The FY2022 H-1B cap season is now underway. U.S. Citizenship and Immigration Services (USCIS) adopted the same H-1B registration process as was used last year. Before filing a cap-subject H-1B petition, USCIS requires that employers or their authorized representatives first complete an online registration for each cap-subject H-1B petition. USCIS will then run the H-1B cap lottery (if needed) based on these registrations. Employers would only file petitions based on selected registrations.
Below are the dates to keep in mind for this year’s H-1B cap:
- March 9, 2021: H-1B registration period opens at noon ET.
- March 25, 2021: H-1B registration period closes at noon ET.
- March 31, 2021: Date by which USCIS intends to notify selected registrants.
- April 1–June 30: Dates that selected H-1B petitions may be filed.
With the March 25 deadline fast approaching, employers with new H-1B registrations should contact immigration counsel as soon as possible to evaluate whether a case may be submitted. As reported in our earlier legal update, it is anticipated that, as in prior years, the H-1B cap will be met once the registration system opens, and the H-1B cap selection process or lottery will again be conducted.
Public Charge Rule and Form I-944
On March 9, 2021, the Department of Homeland Security (DHS) announced that it would no longer defend the Trump administration’s 2019 Public Charge Final Rule. As a result, DHS withdrew from all legal challenges to the rule, allowing a district court’s vacatur of the rule to take full effect. The Public Charge Final Rule had been the subject of ongoing litigation over the past year.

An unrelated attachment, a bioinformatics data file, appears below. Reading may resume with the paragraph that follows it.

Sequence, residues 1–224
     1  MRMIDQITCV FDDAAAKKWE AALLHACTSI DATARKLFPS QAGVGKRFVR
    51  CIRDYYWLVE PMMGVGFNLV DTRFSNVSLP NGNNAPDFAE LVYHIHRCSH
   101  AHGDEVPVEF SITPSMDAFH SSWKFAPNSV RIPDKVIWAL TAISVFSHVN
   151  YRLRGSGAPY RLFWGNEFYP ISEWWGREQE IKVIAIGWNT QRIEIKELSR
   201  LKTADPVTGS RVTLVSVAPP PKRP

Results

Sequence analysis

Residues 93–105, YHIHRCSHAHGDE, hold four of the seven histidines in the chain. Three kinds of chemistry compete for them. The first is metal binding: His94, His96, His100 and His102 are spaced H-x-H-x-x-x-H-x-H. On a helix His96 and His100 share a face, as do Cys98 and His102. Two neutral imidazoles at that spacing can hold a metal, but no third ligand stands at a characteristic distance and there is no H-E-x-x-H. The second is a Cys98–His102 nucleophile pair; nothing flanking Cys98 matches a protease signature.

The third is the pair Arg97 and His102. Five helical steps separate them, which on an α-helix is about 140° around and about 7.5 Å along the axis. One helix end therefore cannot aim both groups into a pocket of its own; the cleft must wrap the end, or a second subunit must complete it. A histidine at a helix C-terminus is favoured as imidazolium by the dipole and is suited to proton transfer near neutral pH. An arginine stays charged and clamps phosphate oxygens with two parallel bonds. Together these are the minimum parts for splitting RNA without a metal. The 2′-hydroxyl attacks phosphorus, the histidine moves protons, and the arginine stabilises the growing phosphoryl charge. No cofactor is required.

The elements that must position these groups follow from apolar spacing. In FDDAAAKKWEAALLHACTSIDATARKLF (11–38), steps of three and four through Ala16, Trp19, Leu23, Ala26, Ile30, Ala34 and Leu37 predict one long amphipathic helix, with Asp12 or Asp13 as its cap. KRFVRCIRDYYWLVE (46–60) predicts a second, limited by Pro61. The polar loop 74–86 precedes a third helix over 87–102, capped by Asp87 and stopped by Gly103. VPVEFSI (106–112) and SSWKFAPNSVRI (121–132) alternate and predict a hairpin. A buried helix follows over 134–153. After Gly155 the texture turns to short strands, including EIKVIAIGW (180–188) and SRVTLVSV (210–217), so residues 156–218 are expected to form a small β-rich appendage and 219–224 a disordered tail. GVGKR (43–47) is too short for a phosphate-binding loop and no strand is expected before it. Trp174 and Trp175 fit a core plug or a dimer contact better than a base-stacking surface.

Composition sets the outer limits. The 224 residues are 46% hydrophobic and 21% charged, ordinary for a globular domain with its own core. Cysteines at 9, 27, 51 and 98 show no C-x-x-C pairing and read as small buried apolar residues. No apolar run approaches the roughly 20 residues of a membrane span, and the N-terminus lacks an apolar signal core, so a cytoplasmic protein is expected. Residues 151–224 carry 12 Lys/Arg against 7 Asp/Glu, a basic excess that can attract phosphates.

Following this change, on March 10, 2021, USCIS announced that applicants should not provide information or evidence related to the Public Charge Final Rule. The Form I-944, Declaration of Self Sufficiency, is no longer required. For applications already submitted, USCIS will not consider any information from the I-944. Applicants do not need to respond to Requests for Evidence due after March 9, 2021, on issues relating to information required under the Public Charge Final Rule. USCIS will continue to apply the public charge inadmissibility statute, including consideration of the statutory minimum factors in the totality of the circumstances, in accordance with the 1999 Interim Field Guidance, which was in place before the Public Charge Final Rule was implemented.
Please stay tuned for further developments on U.S. immigration changes. We will continue to provide updates on these important immigration issues.
The material contained in this communication is informational, general in nature and does not constitute legal advice. The material contained in this communication should not be relied upon or used without consulting a lawyer to consider your specific circumstances. This communication was published on the date specified and may not include any changes in the topics, laws, rules or regulations covered. Receipt of this communication does not establish an attorney-client relationship. In some jurisdictions, this communication may be considered attorney advertising.